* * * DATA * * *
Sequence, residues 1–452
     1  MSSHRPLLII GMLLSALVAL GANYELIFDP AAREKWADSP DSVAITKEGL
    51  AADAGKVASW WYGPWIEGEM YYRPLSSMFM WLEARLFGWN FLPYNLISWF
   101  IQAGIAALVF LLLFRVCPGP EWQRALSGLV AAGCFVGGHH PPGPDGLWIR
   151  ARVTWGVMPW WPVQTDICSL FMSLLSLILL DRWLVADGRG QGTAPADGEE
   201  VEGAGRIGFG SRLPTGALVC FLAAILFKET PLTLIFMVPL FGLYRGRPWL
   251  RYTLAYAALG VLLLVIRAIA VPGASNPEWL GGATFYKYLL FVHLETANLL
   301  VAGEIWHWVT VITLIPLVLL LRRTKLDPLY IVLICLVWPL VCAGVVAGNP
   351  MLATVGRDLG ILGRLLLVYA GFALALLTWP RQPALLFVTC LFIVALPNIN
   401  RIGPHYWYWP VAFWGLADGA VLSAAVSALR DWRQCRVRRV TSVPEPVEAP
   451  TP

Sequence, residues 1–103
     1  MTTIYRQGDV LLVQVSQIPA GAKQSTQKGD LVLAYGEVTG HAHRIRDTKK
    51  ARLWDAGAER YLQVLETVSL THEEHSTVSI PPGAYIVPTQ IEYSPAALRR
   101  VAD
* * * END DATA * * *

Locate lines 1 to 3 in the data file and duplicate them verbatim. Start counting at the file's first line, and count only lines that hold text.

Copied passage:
Sequence, residues 1–452
     1  MSSHRPLLII GMLLSALVAL GANYELIFDP AAREKWADSP DSVAITKEGL
    51  AADAGKVASW WYGPWIEGEM YYRPLSSMFM WLEARLFGWN FLPYNLISWF